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Say what you will, jazz vocalist Taeko (Fukao)'s One Love is bright and breezy. With a slight trace of accented English, she navigates through eleven mostly mid and up-tempo tunes.
Born in Kyoto, Japan, Taeko moved to New York in 1998 to begin her musical experiences by studying with jazz/gospel vocalist Juanita Hall who sang with the Thad Jones/Mel Lewis Big Band and with Jon Hendrick-protege Marion Cowings. For One Love, perhaps the most notable aspect is its use of superior musicians on separate sessions. Harry Whitaker and Misha Tsiganov share piano duties, with either Dwayne Burno or Gaku Takanashi on bass and Doug Richardson, who co-produced the album, as drummer and, on one track, pianist.
The album is bookended by two different versions of Bob Marley's "One Love." Her version of Fragos/Backer/Gasparre's "I Hear a Rhapsody" is most impressivea tune rarely performed with vocals these daysas is her heartfelt version of the Billie Holiday-associated "Trav'lin Light." For the sake of obscurity, Taeko also interprets Bobby Hutcherson and Doug Carn's "Little B's Poem," as well as Linda Creed's R&B tune, "People Make the World Go Round." There is also a Japanese language "Hosni-no Love Letter," and one tune from Doug Richardson, "Would You Believe." Taeko scats adequately, and somehow pronounces the opening lyrics from Frank Loesser's "I've Never Been in Love Before" as "neverbeen."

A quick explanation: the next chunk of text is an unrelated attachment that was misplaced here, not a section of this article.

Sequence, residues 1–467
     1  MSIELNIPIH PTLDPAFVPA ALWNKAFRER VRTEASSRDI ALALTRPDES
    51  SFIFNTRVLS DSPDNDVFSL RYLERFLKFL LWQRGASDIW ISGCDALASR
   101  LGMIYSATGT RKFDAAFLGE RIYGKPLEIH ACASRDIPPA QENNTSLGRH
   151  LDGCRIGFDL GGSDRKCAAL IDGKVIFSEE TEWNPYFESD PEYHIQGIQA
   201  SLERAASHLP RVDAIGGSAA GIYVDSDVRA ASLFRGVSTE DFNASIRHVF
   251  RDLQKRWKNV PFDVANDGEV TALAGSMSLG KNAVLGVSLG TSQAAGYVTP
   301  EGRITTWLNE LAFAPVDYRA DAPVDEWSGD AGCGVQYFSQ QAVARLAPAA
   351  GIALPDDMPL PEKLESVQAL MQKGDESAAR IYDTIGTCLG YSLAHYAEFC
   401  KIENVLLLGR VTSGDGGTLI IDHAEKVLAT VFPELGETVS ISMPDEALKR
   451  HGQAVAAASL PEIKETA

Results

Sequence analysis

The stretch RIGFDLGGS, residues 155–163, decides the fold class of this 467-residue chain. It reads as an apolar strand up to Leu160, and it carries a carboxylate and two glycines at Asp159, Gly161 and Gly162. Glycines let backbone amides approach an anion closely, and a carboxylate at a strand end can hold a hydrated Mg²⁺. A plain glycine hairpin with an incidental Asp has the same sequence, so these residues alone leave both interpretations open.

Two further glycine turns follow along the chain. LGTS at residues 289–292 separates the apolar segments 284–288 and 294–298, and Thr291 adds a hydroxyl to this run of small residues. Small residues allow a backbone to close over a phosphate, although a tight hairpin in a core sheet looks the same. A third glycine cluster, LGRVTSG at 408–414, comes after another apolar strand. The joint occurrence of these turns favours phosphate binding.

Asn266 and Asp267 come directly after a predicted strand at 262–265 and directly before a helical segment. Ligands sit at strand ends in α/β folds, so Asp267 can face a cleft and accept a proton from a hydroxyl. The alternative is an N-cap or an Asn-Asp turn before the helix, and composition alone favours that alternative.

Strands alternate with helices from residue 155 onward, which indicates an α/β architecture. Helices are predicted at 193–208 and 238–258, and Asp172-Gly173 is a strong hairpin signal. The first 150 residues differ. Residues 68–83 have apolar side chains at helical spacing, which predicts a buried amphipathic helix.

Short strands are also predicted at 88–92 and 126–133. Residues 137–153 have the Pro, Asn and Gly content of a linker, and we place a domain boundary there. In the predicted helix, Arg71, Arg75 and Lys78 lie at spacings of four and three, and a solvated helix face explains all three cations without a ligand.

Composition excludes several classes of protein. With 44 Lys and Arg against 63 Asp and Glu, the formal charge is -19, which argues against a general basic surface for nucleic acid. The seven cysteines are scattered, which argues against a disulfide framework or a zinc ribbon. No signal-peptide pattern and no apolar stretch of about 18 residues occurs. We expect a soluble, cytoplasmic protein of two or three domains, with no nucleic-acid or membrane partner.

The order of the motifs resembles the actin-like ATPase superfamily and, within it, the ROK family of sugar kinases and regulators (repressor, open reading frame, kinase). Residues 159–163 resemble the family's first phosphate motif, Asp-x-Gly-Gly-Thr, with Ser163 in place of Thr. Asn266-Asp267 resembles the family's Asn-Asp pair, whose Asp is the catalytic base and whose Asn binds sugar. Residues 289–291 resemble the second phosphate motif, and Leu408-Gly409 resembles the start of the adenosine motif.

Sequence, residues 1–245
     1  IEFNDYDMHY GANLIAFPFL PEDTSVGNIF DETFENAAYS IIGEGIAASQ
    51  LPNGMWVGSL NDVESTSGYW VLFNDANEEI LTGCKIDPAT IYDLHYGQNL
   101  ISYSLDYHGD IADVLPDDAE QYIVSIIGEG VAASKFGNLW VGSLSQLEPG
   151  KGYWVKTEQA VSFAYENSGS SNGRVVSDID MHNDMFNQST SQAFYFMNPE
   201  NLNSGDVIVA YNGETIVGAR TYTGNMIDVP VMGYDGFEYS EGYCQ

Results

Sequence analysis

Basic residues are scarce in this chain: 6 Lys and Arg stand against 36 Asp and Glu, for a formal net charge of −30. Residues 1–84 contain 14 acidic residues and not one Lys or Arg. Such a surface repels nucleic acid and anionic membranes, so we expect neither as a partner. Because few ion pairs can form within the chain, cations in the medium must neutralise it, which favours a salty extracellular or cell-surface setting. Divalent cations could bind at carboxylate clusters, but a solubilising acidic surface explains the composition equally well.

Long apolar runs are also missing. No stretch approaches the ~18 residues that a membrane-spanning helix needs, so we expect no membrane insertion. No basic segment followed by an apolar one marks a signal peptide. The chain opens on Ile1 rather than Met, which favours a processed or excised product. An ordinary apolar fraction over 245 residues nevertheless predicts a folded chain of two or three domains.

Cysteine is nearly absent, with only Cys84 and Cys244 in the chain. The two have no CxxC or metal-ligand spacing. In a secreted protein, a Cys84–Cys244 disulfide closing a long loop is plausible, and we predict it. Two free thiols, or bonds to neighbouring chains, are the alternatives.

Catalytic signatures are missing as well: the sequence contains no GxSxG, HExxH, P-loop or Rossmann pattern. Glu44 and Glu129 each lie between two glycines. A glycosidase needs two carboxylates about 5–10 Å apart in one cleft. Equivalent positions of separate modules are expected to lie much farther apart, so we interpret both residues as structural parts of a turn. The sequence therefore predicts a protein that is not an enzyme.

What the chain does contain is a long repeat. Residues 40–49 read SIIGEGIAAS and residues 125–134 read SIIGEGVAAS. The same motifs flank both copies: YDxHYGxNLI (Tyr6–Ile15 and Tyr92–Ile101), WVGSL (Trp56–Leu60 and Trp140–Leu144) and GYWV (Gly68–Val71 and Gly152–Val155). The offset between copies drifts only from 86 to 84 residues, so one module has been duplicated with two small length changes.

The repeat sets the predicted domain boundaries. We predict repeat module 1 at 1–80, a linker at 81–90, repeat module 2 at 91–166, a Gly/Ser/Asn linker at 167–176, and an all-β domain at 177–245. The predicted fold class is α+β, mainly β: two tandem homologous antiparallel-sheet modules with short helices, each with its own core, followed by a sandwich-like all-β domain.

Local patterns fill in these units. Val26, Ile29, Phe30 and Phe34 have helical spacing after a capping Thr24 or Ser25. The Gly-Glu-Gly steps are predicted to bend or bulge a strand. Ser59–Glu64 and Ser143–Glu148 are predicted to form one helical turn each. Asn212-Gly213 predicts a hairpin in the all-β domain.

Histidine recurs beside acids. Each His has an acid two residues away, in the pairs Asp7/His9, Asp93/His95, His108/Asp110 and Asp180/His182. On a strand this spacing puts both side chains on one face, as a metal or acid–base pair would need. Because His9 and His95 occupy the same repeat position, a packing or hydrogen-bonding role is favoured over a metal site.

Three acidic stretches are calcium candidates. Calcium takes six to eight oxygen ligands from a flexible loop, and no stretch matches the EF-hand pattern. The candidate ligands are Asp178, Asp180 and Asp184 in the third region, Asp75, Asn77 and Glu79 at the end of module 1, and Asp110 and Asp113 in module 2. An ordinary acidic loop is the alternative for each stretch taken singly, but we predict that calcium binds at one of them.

While still only an adequate singer, it will be worth watching how Taeko develops in the future.
Track Listing: One Love-Opening; It Could Happen To You; Dindi; Would You Believe; I've Never Been In Love Before; Hoshi-no Love Letter; I Hear A Rhapsody; Trav'lin' Light; People Make the World Go Round, Little B's Poem; One Love.
I love jazz because anything is possible; it has few rules and the best jazz breaks those ones. I prefer free improv because it doesn't really have any rules at all.
I was first exposed to jazz in my teens (in the late sixties).
The first jazz record I bought was Filles de Kilimanjaro by Miles Davis, shortly followed by Extrapolation by John McLaughlin.
My advice to new listeners is to listen as widely as possible and not to make snap judgments--stick with it.